Saturday, July 30, 2011

Sugar Sector and Mind-maps!!!

Hello and happy AGM season to all!
Sometimes, it so happens that while taking an investment decision, one's thought process becomes more important than fundamental analysis, ratio analysis, etc etc.. (Most of the times, its because one is unable/incapable to do fundamental analysis, etc!!!)

For example, consider me and the sugar sector!! We just don't get along! I hate the sugar sector from the bottom of my bottom! I just cannot make any estimation or take a view on the future of the sector. Here's why..
- The price of raw material (sugarcane) is controlled by the Government.
- The price of the finished product (some of it) is controlled by the Government.
- Imports/exports can also be controlled by the Government.
- Government people aren't very rational lotsa times. One cannot even guess what they can do!!
- Soooo, what can happen to the sugar sector in between all this mess is anybody's guess.

However, it so happens that if one plays a commodity cycle (like sugar) right, the returns can be HUGE. Soooo now, we have a situation, where there could be an attractive opportunity, but we have absolutely no idea how to analyse it fundamentally, etc.

So here is where something called as mind-maps come in. When you want to arrive at a decision using a very structured thought process, mind-maps come in very handy. They are a flowchart kinda thing, where a logical flow of thoughts helps you arrive at a decision.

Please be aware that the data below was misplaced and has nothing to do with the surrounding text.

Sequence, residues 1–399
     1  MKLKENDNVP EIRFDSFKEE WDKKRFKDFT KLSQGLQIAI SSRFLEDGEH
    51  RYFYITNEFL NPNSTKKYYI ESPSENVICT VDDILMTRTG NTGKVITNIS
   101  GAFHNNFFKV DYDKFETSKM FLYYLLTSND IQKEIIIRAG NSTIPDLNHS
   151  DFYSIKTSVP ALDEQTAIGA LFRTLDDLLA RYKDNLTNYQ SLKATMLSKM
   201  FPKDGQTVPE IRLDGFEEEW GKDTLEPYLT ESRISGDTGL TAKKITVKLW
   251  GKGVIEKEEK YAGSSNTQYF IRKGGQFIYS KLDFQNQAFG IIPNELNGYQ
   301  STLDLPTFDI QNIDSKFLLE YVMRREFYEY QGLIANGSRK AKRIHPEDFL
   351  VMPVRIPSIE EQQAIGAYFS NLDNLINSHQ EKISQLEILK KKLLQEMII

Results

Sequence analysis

So I scribbled up a mind-map relating to something in the sugar sector, coz I had nothing better to do at the time! :-D Here it is...

Please click to enlarge

Some more points regarding the same:

  • One can totally ignore the sector as such.. No harm in doing that at all. There is no compulsion. Huge number of other (but not comparable) opportunities are available out there.
  • If one opts to go this way, one would be holding on to the stock for 2-3 years without having the faintest idea why!!! So it can get very very uncomfortable. 
  • If one wants to take an exposure to the sector, one may also want to do a basket approach. Buy Balrampur, buy Renuka and also buy the worst company in the sector! 
Now for some idea killers (a.k.a. why all of the above sucks!)
  • Extended sugar cycle depression: You could have a situation where you are stuck in the position for a long looooong time without any decent returns.